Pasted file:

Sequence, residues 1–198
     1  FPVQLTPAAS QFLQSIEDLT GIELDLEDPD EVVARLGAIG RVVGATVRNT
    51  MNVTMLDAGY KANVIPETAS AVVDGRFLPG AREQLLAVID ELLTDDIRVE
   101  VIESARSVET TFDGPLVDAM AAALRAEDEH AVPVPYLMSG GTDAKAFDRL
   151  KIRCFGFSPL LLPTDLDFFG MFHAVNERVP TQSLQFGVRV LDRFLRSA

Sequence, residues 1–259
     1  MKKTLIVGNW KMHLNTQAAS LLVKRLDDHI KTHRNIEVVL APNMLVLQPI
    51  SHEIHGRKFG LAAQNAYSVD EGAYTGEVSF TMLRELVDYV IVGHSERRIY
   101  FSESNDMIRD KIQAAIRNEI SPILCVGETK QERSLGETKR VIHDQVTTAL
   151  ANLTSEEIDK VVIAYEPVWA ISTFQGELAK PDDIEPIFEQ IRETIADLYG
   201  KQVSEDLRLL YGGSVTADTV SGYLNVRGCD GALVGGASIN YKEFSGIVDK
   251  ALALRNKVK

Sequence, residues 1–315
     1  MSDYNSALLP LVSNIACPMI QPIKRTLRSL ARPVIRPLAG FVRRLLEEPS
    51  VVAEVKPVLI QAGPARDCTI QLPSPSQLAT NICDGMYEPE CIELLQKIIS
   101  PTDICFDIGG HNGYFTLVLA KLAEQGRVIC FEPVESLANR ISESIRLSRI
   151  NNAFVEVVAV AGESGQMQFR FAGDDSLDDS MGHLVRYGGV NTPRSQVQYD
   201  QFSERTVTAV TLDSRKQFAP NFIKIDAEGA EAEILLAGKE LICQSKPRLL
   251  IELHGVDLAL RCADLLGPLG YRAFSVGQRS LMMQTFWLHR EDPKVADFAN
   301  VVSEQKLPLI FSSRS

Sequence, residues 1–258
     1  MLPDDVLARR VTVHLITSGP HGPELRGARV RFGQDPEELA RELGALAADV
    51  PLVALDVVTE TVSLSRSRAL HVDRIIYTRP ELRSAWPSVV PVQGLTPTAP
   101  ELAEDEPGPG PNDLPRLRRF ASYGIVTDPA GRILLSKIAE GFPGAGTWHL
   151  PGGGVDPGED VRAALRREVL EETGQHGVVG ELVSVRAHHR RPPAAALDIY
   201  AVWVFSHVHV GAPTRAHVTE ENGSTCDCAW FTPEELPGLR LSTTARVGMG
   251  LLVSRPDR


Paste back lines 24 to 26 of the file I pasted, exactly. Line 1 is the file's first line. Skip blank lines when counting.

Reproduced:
   101  ELAEDEPGPG PNDLPRLRRF ASYGIVTDPA GRILLSKIAE GFPGAGTWHL
   151  PGGGVDPGED VRAALRREVL EETGQHGVVG ELVSVRAHHR RPPAAALDIY
   201  AVWVFSHVHV GAPTRAHVTE ENGSTCDCAW FTPEELPGLR LSTTARVGMG